News Video | Policy | GPs | Hospitals | Medical | Mental Health | Welfare | Search

 


The Lows of Legal Highs

For immediate release

“The Lows of Legal Highs”


Polyfest 2014 will mark launch of a public campaign to educate rangatahi about the harmful effects of synthetic cannabis or legal highs and press for increased regulation around sales.

“These are chemicals our whānau are putting into their bodies and they have no idea what these chemicals are or what they do. We have no idea what long-term effects these drugs have, ” says Māori Public Health advocate, Antony Thompson.

Mr Thompson is a Practice Leader for Māori Public Health for Te Ha Oranga, a Māori health organisation under Te Rūnanga o Ngāti Whātua, and lead co-ordinator of Māori Public Health collective Whānau Whānui.

“Although a high can be as brief as five minutes, the effects of withdrawal can last several days,” he says.

For the first time Mr Thompson says his organisation will use tablets to collect survey responses from some of the 90,000 young people and their families expected to attend the popular Auckland event.

“At Polyfest we want to educate rangatahi to make informed decisions. At the same time we want to know what they think about it so we can advocate for better local and national government regulation around this kaupapa. The tablets are really portable and teen-friendly. The technology makes it so much easier to collect and collate this kind of data,” he says.

This year Auckland Council will call for submissions on local regulation of synthethic cannabis. The new Psychoactive Substances Act passed last year gives local councils the authority to limit where vendors can sell legal highs.

“Auckland is behind the eight ball. Other councils such as Hamilton, Tauranga and Palmerston North have already brought in increased regulation to restrict where vendors can sell their drugs. We are lucky to have the support of the Manurewa Local Board who are advocating for a 1km restriction zone on these stores around all schools, early childhood education centres, places of worship, community halls and community facilities but we need to do more.”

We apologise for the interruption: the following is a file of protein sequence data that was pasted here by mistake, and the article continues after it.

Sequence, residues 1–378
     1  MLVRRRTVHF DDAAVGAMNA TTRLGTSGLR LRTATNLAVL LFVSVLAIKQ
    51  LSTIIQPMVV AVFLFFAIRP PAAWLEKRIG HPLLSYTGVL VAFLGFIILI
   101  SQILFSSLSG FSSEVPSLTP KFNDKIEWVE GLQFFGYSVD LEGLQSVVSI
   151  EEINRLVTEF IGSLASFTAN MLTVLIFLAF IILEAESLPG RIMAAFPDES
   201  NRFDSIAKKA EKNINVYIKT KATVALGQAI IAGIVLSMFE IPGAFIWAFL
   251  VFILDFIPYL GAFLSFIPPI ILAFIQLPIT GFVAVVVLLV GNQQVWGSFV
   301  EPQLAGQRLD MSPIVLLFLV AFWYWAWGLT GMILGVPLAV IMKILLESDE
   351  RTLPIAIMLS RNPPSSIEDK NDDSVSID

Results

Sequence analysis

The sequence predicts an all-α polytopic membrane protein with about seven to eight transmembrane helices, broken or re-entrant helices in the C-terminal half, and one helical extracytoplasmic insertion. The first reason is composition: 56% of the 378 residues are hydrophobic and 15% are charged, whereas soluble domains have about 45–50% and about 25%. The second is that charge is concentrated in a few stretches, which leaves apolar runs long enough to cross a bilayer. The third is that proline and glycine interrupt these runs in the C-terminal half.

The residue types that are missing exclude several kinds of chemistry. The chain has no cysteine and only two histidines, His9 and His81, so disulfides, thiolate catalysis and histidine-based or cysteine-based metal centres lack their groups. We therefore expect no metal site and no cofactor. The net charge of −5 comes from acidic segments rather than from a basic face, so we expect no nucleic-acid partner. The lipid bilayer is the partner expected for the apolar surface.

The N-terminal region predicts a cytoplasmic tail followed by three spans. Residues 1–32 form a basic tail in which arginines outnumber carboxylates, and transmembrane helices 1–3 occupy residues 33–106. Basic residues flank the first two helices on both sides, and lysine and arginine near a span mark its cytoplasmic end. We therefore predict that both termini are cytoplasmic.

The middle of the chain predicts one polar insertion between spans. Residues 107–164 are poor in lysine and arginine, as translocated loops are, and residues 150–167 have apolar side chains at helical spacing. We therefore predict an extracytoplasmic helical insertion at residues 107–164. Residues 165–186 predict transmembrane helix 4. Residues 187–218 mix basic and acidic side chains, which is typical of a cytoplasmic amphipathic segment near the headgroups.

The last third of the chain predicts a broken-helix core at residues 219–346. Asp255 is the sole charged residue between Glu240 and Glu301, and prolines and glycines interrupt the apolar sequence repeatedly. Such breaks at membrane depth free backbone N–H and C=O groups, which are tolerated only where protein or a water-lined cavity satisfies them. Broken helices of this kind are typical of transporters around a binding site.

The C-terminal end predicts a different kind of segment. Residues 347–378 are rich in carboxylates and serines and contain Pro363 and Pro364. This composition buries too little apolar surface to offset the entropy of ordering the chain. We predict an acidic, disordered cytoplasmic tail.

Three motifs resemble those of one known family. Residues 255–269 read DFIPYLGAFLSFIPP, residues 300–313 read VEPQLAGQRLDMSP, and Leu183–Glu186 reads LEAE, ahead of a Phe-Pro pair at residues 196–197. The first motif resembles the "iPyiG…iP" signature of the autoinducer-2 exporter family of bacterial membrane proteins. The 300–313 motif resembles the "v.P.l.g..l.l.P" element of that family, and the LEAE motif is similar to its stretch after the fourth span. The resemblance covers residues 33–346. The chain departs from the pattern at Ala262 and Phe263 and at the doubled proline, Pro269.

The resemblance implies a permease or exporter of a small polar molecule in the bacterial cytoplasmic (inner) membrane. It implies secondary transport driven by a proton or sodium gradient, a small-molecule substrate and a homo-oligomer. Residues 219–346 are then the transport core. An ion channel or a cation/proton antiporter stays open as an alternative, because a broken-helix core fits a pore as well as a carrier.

He says, “Regulation does work. When the act was passed last year the number of vendors nationwide dropped from 3-4000 outlets selling around 200-300 different products to 170 selling only about 41 products.”

“Now is the time to make it known that synthetic cannabis is no good for our whanau and is hurting the ones we love. I’m seeing other districts in New Zealand regulate and control these drugs and think its time for Auckland to do the same.”


Background information/links:

Te Hapai Hauora Tapui – Information on Legal Highs

Odyssey House

http://www.alcoholdrughelp.org.nz/a-to-z-of-drugs/synthetic-cannabis/

http://www.health.govt.nz/our-work/regulation-health-and-disability-syst...

The Act

http://www.legislation.govt.nz/act/public/2013/0053/latest/DLM5042921.ht...

Quickfacts about the act


http://www.health.govt.nz/our-work/regulation-health-and-disability-syst...

© Scoop Media

 
 
 
 
 
Culture Headlines | Health Headlines | Education Headlines

 

Off To Leeds: Wellington’s Local Naked Girl Spreads Her Wings

Wellington born, bred and based live artist Virginia Kennard, self confessed “local naked girl”, has earned a place on the MA in Performance programme at Leeds Beckett University and flies away in 2 months time. More>>

Free Diving: William Trubridge Breaks World Record

With just a single breath, New Zealand free diver William Trubridge has successfully broken his own unassisted free dive world record of 101 metres. More>>

ALSO:

RLWC 2017 Draw: New Zealand Set For A Festival Of Rugby League

New Zealand Rugby League fans will have the chance to see the Kiwis in action against the best in the Pacific region for the Rugby League World Cup 2017, as announced today at the Official Tournament Draw. More>>

ALSO:

Non-Pokemon News: Magical Park A Safer Augmented Reality For Younger Audiences

Since May, Wellington City Council has been trialling a new app, Magical Park, in collaboration with the game’s New Zealand developer Geo AR Games, in parks around the city. Magical Park uses GPS technology to get users moving around the park to play within a set boundary. More>>

'Erroneous': Pokemon App Makers On Huge Privacy Flaw

We recently discovered that the Pokémon Go account creation process on iOS erroneously requests full access permission for the user's Google account... More>>

ALSO:

Te Wiki O Te Reo: Te Reo Māori Is For All New Zealanders — Minister

Minister for Māori Development Te Ururoa Flavell welcomes the start of Māori Language Week today and invites all New Zealanders to give speaking te reo Māori a go. More>>

ALSO:

Get More From Scoop

 
 

LATEST HEADLINES

 
 
 
 
Health
Search Scoop  
 
 
Powered by Vodafone
NZ independent news